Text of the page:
Is Learning to Code Right for You? How to Decide


Coding is a hot topic right now, and it’s not just for software engineers. As technology continues to evolve at a breakneck pace, coding skills are more critical than ever before. But what if you’re not sure if learning to code would be a good idea? This blog post will discuss how to decide if becoming a coder is right for you and some of the benefits of learning coding skills.

Why You Should Learn Code: The Benefits

Many companies need developers. The demand has never been higher, and the number of open positions continues to grow. Learning code can be a great way to gain employment after college or for people looking to switch fields. The most common reason respondents have chosen their current profession is that it offers career advancement (35%). This was followed by a good compensation/benefits package offered (14%) and working with interesting technologies or solving challenging problems (12%), suggesting that being able to advance within the field may not only benefit your bank account but also feed your sense of fulfillment at work.”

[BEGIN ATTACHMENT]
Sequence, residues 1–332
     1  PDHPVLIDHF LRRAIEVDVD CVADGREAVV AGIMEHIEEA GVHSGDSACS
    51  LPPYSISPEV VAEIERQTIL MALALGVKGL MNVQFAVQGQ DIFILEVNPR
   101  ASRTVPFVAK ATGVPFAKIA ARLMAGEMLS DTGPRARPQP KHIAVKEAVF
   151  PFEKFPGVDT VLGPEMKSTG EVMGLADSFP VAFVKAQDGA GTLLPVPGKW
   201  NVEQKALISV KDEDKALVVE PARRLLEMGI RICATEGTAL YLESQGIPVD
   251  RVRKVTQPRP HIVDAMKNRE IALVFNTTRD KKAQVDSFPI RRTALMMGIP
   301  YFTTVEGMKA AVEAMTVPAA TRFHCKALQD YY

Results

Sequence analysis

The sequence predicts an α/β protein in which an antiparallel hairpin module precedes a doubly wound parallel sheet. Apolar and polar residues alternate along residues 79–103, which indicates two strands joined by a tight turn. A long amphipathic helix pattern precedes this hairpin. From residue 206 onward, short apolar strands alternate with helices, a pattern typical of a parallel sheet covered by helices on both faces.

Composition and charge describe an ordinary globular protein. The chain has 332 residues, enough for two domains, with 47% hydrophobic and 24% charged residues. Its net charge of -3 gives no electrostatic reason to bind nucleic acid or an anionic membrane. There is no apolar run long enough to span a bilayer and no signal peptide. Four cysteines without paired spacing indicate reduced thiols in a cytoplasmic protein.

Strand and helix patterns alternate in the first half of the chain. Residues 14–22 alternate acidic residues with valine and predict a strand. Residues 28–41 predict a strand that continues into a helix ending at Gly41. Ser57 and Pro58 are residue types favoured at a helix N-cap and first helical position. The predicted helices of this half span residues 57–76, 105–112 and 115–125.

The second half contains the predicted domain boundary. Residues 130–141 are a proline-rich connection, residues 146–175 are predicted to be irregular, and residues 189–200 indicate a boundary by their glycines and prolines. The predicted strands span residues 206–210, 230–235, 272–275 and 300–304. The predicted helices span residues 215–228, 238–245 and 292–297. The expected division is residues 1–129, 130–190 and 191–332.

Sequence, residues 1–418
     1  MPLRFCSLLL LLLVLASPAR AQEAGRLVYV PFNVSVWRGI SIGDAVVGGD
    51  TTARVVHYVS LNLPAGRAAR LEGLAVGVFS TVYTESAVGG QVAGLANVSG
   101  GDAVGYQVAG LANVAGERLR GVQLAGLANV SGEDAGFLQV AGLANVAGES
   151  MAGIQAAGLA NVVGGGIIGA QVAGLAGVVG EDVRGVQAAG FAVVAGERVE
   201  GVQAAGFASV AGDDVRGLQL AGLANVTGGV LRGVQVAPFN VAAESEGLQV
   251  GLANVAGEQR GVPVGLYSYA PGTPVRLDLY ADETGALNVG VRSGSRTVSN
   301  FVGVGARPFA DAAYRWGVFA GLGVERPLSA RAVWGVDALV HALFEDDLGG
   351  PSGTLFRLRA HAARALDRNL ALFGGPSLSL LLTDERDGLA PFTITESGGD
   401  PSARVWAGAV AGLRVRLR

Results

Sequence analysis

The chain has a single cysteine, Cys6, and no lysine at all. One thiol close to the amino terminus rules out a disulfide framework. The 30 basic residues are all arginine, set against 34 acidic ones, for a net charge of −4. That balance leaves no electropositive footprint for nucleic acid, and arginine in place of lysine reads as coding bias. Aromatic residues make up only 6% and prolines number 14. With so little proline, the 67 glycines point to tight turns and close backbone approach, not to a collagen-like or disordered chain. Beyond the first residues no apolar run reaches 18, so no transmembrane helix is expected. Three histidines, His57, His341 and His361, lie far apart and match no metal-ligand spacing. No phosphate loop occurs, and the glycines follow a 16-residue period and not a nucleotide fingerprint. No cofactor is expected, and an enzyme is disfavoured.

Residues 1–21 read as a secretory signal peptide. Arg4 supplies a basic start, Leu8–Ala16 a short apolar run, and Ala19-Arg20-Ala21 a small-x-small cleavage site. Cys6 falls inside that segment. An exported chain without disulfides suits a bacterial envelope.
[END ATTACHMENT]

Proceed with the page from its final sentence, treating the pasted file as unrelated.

How can you know if coding is appropriate for you?

You can think about learning to code if :

1. You like solving problems

If you enjoy problem-solving for the sake of issue solving, coding could be a good fit, according to developer Stephen Bly. Do you like solving puzzles, mind teasers, and breaking down complex problems into smaller logical components? If that’s the case, you might want to try your hand at coding. Daily, you’ll have to dig through lines of code to repair a defect or figure out how to use current code to construct something new. This necessitates a problem-solving mentality.